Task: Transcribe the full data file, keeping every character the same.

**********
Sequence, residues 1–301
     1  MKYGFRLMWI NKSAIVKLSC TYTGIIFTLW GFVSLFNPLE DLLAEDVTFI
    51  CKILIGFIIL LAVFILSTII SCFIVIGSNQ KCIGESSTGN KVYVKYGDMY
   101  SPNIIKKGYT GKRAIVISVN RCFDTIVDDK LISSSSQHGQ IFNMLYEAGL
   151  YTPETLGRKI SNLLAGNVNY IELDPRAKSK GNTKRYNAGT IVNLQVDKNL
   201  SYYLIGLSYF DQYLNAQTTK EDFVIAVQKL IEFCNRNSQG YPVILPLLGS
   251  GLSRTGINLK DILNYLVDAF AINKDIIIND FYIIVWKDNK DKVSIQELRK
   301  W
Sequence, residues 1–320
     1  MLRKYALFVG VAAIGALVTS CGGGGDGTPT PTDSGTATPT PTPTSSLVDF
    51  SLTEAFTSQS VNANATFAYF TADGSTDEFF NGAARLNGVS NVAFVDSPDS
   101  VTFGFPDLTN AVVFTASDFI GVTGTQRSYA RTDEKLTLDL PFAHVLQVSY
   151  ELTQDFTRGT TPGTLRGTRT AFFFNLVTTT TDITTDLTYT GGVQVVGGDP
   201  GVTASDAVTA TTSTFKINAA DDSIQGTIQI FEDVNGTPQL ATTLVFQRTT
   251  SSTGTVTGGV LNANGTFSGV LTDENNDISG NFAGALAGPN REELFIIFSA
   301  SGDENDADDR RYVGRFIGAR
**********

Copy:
Sequence, residues 1–301
     1  MKYGFRLMWI NKSAIVKLSC TYTGIIFTLW GFVSLFNPLE DLLAEDVTFI
    51  CKILIGFIIL LAVFILSTII SCFIVIGSNQ KCIGESSTGN KVYVKYGDMY
   101  SPNIIKKGYT GKRAIVISVN RCFDTIVDDK LISSSSQHGQ IFNMLYEAGL
   151  YTPETLGRKI SNLLAGNVNY IELDPRAKSK GNTKRYNAGT IVNLQVDKNL
   201  SYYLIGLSYF DQYLNAQTTK EDFVIAVQKL IEFCNRNSQG YPVILPLLGS
   251  GLSRTGINLK DILNYLVDAF AINKDIIIND FYIIVWKDNK DKVSIQELRK
   301  W
Sequence, residues 1–320
     1  MLRKYALFVG VAAIGALVTS CGGGGDGTPT PTDSGTATPT PTPTSSLVDF
    51  SLTEAFTSQS VNANATFAYF TADGSTDEFF NGAARLNGVS NVAFVDSPDS
   101  VTFGFPDLTN AVVFTASDFI GVTGTQRSYA RTDEKLTLDL PFAHVLQVSY
   151  ELTQDFTRGT TPGTLRGTRT AFFFNLVTTT TDITTDLTYT GGVQVVGGDP
   201  GVTASDAVTA TTSTFKINAA DDSIQGTIQI FEDVNGTPQL ATTLVFQRTT
   251  SSTGTVTGGV LNANGTFSGV LTDENNDISG NFAGALAGPN REELFIIFSA
   301  SGDENDADDR RYVGRFIGAR